Response to Coronavirus and Service Updates

Coronavirus has brought the importance of hand washing into everyday life (not that you didn’t already have it on your daily to-do list).  Now, more than ever, keeping those digits clean can make the difference between remaining healthy and feeling not so hot.

Hopefully, your “little achiever” has mastered this life skill (often called an “adaptive skill” by therapists), or will quickly … but, as you know, every child is different.  Children with disabilities may experience a different learning curve and everything from age, to mobility, to their ability to handle various stimuli (or even accepting help) can affect how long it will take for them to master each new skill.

Have Fun

No matter what, try to have fun with this and remember to continually celebrate the little successes.  It helps keep a smile on your face and is a great self-esteem builder for your child.

Choose a Path

Before you lay out your plan, go wash your hands and think through each motion you make to accomplish the task.  We’ll wait.

Now that you’re back with clean hands and each step you took in-mind, take a moment to think about how your child learns best:

  • Mimicking – Seeing you demonstrate the skill.
  • Watching a Screen – Video modeling by recording each step and showing them the video.
  • Seeing/Reading – Creating a visual schedule with drawings or photos of each step (See our Facebook page for a simple example).

Visual Schedule Example: How to Wash Hands

No matter which way you choose to teach them, reinforce, reinforce, reinforce!  Your positive energy will make the lessons more enjoyable for everyone.

Break it Down

Breaking processes down into separate steps is called “task analysis.”  The easier the step, the greater the chance that you’ll be successful in teaching it.  You may want to start them with turning on the water (step one) or, since you know your child, you may prefer to start in the middle with, “get hands wet.”  Once again, every child, family and restroom is different.

Here is an example of how you might present the steps, with some considerations listed.  Try keeping your instructions to 5 words or fewer, especially if you’re putting together a visual schedule:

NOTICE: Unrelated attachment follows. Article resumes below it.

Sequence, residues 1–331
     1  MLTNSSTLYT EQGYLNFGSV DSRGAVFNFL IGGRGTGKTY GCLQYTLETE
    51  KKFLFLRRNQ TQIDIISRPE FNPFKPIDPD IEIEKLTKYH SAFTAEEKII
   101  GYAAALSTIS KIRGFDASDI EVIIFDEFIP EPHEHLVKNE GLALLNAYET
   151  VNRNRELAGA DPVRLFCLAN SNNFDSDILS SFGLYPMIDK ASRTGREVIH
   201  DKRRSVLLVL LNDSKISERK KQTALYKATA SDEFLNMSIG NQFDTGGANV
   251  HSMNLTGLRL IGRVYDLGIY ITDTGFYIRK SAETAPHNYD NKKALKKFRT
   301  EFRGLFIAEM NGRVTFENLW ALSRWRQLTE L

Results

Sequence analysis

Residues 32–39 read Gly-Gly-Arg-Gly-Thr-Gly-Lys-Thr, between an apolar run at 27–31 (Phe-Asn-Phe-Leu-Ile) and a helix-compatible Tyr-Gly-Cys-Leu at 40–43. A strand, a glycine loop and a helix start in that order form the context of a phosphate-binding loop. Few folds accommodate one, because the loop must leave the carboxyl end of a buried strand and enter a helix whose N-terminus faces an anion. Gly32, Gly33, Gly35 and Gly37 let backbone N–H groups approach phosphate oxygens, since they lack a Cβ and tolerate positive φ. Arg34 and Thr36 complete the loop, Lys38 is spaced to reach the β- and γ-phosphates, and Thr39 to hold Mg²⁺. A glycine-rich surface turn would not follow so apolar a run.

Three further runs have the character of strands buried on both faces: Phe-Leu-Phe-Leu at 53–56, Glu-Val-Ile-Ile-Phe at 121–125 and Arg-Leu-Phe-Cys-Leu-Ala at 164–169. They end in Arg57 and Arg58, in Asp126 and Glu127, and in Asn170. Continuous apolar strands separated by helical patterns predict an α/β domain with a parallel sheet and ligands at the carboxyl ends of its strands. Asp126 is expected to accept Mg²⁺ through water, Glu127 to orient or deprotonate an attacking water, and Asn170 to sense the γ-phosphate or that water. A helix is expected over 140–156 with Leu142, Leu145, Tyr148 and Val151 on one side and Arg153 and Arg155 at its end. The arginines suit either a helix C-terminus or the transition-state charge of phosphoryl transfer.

• Water on
    • How does your faucet turn on?
    • How do you find the right temperature?
    • Some children can also learn, ”water off” along with this skill.
  • Hands wet
    • Would they be better with wetting the back of their hands or their palms?
  • Get soap
    • Right hand on soap pump left under nozzle, then pump (this could be one step or three).
    • Do you use foam (maybe two or three pumps), liquid (one pump, usually) or bar soap?
  • Rub hands (can you get them to do this for 20 seconds?)
    • You can make it more enjoyable with a song or counting to a number to help them focus.
    • How are they with the tactile sensation of soap on their hands?
    • You can eventually teach them to wash fronts and backs of the hands… and thumbs!
  • Rinse
    • Helping them understand when rinsing is done
  • Water off
    • Reversing the operation isn’t always easy, be patient!
  • Dry
    • Do you use paper towels, hand towels?
    • If you have several towels, which one should be used?

Treat each task analysis as a fun puzzle to solve.  Through trial and error, you can hone your approach, discover what things need to be divided into simpler tasks and discover new ways to celebrate each other and the wins you’ll experience though the days or weeks of instruction.

Please remember, that this piece was written as a platform to get you pointed in the right direction.  If they are already washing their hands, this process can be applied to many things, from brushing teeth to putting on socks.

Please post your achievements on our Facebook page!  We wish you happy times, cheerful successes and clean hands.

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